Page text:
Full disclosure, I have not been watching the Rockets too closely with conference tournaments in the NCAA last week followed by the advent of the greatest few weeks in sports that started yesterday.
This is my favorite time of year. Don’t get me wrong, I love the (NBA Playoffs and NFL and NCAA football). I mean they rev my engines, but they don’t belong in the newsroom!
March is awesome. Let me tell you why:
-Golf season, which admittedly is year round in Houston, pretty much officially begins for me the first Monday after the Sunday of Daylight Savings. Arbitrary as it may seem, it is the day I can put in a full day at the office and still play 18 holes before sundown, if everything goes smoothly (no traffic getting to the course, good pace on the course, no searching for lost balls, no searching for thrown clubs, etc.).
-St. Patrick’s Day Weekend in Dallas is the best weekend Dallas has to offer. You’re probably thinking that the Red River Shootout deserves some consideration if not an outright declaration of its supremacy. Go ahead and continue thinking that; enjoy your crowds of out of towners and relish in your inability to get into bars or get anywhere in the city in a reasonable amount of time. I’ll stick to the weekend that Greenville becomes Bourbon St. and every house around the M Streets is having a party that spills into the parties right next to it.
-St. Calzone’s Day (my Italian friends in college made up a retaliatory holiday to St Patty’s to celebrate their heritage – not knowing that niche had been filled by March 19′s St. Joseph’s Day) is on its 8th annual celebration and acts as an informal college reunion because after college you don’t have enough day parties in your life.
-Men’s college basketball conference tournaments. Outside of those risque lingerie shops, you cannot find a better warm-up and lead-in to something so great as March Madness. Teams with no chances are given hope and every underdog is fighting for its post season life.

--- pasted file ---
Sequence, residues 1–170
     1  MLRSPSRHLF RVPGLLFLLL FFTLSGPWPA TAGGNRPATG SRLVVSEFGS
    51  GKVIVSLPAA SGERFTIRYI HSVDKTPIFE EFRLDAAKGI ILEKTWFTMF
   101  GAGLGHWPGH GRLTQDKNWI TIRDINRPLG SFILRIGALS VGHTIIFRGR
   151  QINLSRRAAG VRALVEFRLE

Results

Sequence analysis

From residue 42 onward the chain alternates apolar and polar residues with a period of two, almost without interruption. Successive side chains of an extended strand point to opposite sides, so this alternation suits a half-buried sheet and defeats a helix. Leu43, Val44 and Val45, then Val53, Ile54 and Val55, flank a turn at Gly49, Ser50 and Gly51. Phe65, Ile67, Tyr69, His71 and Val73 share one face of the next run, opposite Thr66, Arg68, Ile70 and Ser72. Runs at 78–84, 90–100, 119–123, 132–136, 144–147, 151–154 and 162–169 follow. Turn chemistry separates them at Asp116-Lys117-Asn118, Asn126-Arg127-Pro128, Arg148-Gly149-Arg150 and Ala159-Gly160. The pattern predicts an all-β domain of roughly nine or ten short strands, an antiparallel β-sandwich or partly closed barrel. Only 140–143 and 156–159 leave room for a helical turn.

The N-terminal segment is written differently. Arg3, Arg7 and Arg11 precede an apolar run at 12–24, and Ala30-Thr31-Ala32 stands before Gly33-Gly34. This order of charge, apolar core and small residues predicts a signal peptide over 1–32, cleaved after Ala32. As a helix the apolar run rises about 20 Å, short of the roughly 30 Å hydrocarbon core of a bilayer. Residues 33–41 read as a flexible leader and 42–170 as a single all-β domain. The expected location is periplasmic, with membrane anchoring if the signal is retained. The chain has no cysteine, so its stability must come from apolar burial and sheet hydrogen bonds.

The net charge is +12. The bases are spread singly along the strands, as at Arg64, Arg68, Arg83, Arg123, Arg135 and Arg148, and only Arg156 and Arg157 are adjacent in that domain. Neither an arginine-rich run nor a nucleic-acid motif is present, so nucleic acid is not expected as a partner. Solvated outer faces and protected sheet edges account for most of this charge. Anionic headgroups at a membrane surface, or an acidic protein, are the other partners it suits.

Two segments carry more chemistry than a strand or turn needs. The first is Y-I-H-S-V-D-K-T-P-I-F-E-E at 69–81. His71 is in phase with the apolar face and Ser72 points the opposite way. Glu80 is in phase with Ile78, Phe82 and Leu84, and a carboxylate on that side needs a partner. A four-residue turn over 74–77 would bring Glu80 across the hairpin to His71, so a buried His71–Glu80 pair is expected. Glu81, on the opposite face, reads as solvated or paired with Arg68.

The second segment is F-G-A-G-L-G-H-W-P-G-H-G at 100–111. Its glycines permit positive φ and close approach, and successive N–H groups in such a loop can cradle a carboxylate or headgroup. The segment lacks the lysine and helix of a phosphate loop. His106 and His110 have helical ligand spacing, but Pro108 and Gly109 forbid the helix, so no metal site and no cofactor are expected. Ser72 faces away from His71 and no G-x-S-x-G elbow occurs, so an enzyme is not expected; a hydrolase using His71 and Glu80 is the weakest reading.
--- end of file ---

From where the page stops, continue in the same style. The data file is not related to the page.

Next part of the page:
-Which leads us to March Madness itself. You don’t even have to have your own team in the fray to get wrapped up in the excitement of the first weekend of Madness. Buzzer beaters, upsets, heroes – nothing matches the first round (not acknowledging the play in games as the first round).
This year’s Tournament is a new experience for some personal and public reasons. For all of us, four stations, rather than just CBS, broadcasting the games takes some adjusting. I personally loved having Greg Gumble and Jim Nance sherpanavigate me through simultaneous games. Yes, we could miss some moments, but the work was done for us. On the other hand, with the staggered games, every ending is theoretically in play to be seen live. And with the internet, channels and times and scores are easy to find and monitor.
Now, my own experience this year has,regretfully, lost some integrity. Undermined by a good deal, I put aside my rule of “one tournament : one bracket : same bracket for every pool” and bought the right to play 3 brackets for the price of $10 rather than $5 for 1. Does this make me less of a man? Absolutely, and I want to apologize to myself for giving up the “moral” high ground that is granted by one bracket status.
This year, I will have no one to scoff at but myself as I flip through my brackets checking and crossing and highlighting much longer than necessary. With hedges in play, most games’ outcomes are mitigated by the choices (betrayals) on another of my brackets.
Eventually, I will succumb to the inevitable confusion that flows from having picked both teams to win a game. Cheering against one and for another is an unbridgeable abyss of self-division, and a Connor divided against himself cannot stand!
I may not be able to regain the moral ground I surrendered in filling out 3 brackets, but I can regain my sanity. I am tearing up all but my first bracket, an act lessened in significance by their electronic form being stored on a website, and lessened further because I will happily reap any rewards they bring.
Written by Connor Winn, ‘Cap Backwards’ is a discussion column on the NBA’s salary cap and its many intricacies.